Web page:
The Radical Hope of Patti Smith

The Radical Hope of Patti Smith

As the artist, writer, and musician gears up for a new show, she looks back on an astonishing 50-year career and what drives her forward.

Story by Chloe Cooper Jones and Photographs by Pieter Hugo

Patti Smith isn’t writing. “It won’t last that long,” she tells me. “But it’s been a while. It’s been a few weeks. And I’m in a state of that nothingness.”

We’re drinking tea at a table in her hotel room in Paris. She pauses as church bells ring out from across the Seine, reaching us through the open window. “See?” she says with a laugh, gesturing to the sound that has arrived seemingly to underscore her words with divine authority. “He knows.”

We’re talking about one page in her latest book, A Book of Days, a volume of photographs and captions that has one entry for each day of the year. The images capture the texture of Smith’s daily life—her bookshelf, her coffee cup, her eyeglasses, her own hand at work, hovering over a page of her prose.

The book also shares objects of significance to Smith, things once belonging to the many important people in her life who’ve died before her: her mother’s key chain, her father’s golf ball, the poet Lawrence Ferlinghetti’s hat, a necklace given to her wrapped in black tissue by the artist Robert Mapplethorpe, her late husband’s Mosrite guitar. These objects still hold for her a charge, the energy of the lost owner. The caption below an image of Sam Shepard’s pocketknife reads, “Keep going, no matter what, my talismans seem to whisper.”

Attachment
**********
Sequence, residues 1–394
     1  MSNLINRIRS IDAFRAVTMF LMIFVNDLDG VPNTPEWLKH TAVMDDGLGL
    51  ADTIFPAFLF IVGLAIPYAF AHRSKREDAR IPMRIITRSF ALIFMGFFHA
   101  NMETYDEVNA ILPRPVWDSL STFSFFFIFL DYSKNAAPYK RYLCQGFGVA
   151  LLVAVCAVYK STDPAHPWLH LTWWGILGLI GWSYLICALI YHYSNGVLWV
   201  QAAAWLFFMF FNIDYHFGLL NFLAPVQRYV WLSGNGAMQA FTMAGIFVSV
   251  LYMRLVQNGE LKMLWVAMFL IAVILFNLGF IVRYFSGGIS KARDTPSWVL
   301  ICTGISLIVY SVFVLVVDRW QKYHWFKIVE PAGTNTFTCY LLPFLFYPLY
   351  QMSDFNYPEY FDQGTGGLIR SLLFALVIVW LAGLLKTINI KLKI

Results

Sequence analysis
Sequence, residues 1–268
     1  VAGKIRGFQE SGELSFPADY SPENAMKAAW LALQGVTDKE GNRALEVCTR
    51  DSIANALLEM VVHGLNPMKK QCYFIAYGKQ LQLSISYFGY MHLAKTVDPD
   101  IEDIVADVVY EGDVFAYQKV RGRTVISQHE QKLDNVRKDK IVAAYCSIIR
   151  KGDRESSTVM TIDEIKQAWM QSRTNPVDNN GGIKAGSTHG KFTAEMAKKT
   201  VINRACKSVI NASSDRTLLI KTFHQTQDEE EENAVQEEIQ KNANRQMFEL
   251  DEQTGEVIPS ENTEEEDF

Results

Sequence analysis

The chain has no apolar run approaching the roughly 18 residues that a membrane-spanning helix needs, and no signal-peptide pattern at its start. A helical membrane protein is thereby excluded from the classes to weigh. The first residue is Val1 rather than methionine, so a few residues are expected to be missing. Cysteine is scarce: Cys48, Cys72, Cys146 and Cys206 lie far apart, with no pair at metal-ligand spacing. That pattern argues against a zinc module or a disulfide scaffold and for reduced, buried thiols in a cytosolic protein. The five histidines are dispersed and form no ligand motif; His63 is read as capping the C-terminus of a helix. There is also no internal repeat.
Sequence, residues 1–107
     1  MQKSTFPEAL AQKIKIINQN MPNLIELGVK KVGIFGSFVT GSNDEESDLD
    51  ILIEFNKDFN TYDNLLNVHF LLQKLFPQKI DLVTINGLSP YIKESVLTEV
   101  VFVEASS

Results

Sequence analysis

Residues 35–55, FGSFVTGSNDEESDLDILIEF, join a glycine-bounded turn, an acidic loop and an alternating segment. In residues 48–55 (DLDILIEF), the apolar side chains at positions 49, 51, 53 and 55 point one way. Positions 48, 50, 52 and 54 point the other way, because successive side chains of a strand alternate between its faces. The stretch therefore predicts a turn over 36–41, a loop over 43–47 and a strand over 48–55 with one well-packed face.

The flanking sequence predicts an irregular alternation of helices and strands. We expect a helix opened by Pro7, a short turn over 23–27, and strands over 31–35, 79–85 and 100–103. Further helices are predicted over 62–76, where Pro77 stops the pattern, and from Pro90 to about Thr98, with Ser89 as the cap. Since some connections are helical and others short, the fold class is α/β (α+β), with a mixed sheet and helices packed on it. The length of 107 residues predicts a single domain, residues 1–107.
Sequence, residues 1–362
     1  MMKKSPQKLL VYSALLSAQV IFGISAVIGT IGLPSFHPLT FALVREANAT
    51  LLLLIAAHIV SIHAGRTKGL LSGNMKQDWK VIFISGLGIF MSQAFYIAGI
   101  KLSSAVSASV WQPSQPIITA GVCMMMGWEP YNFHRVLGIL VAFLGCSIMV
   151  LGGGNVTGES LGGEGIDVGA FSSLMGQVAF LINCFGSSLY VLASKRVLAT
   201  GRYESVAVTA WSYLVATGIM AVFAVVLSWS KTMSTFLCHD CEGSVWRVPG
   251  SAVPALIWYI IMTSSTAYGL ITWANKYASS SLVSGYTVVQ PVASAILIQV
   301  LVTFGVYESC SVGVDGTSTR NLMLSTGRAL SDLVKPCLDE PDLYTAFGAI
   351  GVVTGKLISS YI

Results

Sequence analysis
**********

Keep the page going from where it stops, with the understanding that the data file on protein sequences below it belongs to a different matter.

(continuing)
The particular page we’re discussing is a recent photograph of Smith, taken in her West Village apartment in New York, where she sits, head in one hand, staring into the middle distance. It struck her, when she saw this portrait, that her posture and gaze were identical to the way her late mother, Beverly, would sit when she was searching for a solution to a problem.

“She might have had a cigarette or something, and she seemed so far away, and she would always say she was thinking of nothing,” Smith says. The caption below this portrait reads, in part, “Now I know what nothing is.”

Okay, I ask her, what is this “nothing”? Read the full piece at Bazaar.

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